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Re: [XHTML 2] 24.2 Referenced objects not yet defined (PR#7752)

From: Steven Pemberton <steven.pemberton@cwi.nl>
Date: Thu, 26 Jan 2006 13:11:01 +0100
Message-ID: <43D8BC55.9060502@cwi.nl>
To: Lachlan Hunt <lachlan.hunt@lachy.id.au>
Cc: Shane McCarron <xhtml2-issues@hades.mn.aptest.com>, jim@jibbering.com, www-html-editor@w3.org

Lachlan Hunt wrote:
> Shane McCarron wrote:
>> In general, XHTML 2 does not define the behavior of erroneous usage...
>> This is either defined by an underlying specification (e.g., [XML]) or
>> left to the implementor.
> How can you possibly achieve any interoperable implementations without 
> relying on browsers reverse engineering each other when you simply fail 
> to define what UAs should do with the documents they receive?

You don't need interoperability for incorrect documents, just for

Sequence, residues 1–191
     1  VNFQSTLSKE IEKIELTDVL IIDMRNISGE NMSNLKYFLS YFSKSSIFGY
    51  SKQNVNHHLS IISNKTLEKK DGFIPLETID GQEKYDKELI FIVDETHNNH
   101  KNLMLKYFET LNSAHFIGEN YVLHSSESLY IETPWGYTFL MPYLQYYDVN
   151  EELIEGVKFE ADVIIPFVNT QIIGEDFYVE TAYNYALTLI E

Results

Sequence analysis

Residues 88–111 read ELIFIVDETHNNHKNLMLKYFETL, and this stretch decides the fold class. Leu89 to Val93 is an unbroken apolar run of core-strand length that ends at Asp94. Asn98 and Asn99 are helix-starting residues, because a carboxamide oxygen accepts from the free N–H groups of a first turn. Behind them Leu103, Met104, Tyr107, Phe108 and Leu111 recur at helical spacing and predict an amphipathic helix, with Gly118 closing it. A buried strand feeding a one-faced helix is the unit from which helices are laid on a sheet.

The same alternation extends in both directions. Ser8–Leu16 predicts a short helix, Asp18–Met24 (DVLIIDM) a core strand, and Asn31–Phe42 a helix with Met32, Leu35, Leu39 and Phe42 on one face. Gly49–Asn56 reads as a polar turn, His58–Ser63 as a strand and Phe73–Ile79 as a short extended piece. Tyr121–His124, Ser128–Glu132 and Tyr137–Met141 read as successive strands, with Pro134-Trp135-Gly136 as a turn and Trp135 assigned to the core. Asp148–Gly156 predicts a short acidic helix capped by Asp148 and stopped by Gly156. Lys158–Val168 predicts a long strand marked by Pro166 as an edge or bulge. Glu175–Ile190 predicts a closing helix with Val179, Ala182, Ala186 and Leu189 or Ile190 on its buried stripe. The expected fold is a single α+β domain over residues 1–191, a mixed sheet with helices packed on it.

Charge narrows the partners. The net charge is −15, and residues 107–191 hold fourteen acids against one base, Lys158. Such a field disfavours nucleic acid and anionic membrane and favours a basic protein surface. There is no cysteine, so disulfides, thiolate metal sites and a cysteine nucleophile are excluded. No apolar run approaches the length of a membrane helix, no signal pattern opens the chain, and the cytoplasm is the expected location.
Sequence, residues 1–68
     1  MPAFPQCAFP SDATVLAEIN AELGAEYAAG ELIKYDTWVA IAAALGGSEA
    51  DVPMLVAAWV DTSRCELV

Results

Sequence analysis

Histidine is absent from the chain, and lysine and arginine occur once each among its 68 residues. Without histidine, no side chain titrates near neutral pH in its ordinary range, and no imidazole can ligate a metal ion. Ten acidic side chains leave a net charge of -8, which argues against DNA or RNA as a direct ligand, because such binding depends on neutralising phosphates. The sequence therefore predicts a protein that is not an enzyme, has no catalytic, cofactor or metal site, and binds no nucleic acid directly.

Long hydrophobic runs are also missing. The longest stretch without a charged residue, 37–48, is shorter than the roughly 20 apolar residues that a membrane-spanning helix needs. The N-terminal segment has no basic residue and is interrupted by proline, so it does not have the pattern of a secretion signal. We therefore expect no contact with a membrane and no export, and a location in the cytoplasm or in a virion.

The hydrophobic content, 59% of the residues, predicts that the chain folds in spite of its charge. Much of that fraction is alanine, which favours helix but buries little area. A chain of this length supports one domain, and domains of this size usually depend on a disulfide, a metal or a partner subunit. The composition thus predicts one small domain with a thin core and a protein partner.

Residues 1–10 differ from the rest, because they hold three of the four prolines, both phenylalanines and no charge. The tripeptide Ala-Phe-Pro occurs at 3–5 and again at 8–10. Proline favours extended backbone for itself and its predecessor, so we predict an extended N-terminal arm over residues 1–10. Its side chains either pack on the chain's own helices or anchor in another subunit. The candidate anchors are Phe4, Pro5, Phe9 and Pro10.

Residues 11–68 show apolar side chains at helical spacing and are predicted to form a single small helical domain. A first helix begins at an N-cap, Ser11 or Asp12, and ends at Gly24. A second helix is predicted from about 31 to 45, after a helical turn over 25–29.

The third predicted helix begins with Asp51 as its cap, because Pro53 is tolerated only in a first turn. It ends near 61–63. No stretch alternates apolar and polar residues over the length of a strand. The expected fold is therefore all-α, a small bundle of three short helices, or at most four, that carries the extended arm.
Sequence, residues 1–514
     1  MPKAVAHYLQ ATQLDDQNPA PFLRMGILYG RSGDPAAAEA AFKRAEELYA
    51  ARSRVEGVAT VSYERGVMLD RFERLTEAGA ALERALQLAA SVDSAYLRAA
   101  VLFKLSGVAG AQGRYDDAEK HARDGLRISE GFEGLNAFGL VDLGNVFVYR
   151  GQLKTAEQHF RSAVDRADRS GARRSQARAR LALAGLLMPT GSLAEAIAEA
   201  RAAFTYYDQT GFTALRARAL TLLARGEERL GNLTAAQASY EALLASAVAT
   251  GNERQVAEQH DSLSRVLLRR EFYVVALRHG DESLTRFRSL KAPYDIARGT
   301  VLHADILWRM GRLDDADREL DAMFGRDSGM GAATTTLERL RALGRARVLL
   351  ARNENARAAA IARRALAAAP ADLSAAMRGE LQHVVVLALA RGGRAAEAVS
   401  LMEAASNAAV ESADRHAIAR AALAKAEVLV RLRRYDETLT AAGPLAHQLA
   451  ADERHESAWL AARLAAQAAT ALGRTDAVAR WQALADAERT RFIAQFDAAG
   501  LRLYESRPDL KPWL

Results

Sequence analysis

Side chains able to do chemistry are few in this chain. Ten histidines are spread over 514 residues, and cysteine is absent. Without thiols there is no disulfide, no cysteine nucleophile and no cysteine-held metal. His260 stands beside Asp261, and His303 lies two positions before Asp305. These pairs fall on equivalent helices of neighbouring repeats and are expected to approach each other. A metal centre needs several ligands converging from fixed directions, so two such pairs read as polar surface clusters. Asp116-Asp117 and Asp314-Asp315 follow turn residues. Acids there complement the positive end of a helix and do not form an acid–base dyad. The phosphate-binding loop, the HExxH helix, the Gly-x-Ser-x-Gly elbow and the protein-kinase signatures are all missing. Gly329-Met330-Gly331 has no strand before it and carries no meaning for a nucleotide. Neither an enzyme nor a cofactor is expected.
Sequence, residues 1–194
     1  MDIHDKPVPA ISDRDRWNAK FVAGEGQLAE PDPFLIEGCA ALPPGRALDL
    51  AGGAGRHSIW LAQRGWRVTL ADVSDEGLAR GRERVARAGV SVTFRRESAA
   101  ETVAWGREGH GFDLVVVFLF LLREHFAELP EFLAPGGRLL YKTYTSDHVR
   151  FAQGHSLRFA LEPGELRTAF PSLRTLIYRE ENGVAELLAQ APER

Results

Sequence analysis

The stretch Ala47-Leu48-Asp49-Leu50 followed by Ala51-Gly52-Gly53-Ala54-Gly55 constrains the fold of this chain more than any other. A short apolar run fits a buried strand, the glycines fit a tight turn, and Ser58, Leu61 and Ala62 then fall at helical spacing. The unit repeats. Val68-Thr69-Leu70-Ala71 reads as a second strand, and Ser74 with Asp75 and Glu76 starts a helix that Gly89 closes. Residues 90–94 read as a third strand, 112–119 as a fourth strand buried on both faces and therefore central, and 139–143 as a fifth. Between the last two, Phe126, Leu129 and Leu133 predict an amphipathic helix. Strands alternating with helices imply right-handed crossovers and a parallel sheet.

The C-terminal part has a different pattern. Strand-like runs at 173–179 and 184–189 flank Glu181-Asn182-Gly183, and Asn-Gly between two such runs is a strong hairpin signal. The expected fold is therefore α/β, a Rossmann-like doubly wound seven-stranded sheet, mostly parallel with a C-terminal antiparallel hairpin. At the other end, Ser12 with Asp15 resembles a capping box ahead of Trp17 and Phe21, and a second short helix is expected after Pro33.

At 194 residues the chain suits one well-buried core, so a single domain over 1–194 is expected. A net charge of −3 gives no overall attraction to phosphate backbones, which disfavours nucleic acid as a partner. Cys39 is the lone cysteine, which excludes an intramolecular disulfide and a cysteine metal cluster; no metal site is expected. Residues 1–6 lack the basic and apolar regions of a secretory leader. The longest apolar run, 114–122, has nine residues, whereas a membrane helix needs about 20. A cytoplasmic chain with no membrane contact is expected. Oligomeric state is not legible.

correct ones. The specification defines what a correct document is, and 
how that should behave. If you then send a correct document to a 
browser, it is part of a contract between you and the browser, and if 
the browser fails to correctly deal with the document it is then a bug 
in the browser.

If you send an incorrect document to a browser, there is no agreement on 
how it should behave. If the browser does something you didn't intend, 
it is your fault, not the browser's.

Classically browsers have tried to work out what the user intended, in 
my opinion a grave error that has made a mess of the web, and done most 
web authors a disservice. Having written browsers myself, I know that it 
is extremely easy to display a warning to the user that there is 
something wrong with a document, such as a grumpy face in the status bar.

But trying to document what should happen in every case of error is 
doomed to be unfinished work. What should a browser do if you send it a 
Fortran program with media type text/html? Sniff the content and execute 
it? The answer should be: who cares what it does? It's an error, and we 
don't need interoperability in these cases.

Steven Pemberton
Received on Thursday, 26 January 2006 12:11:09 UTC

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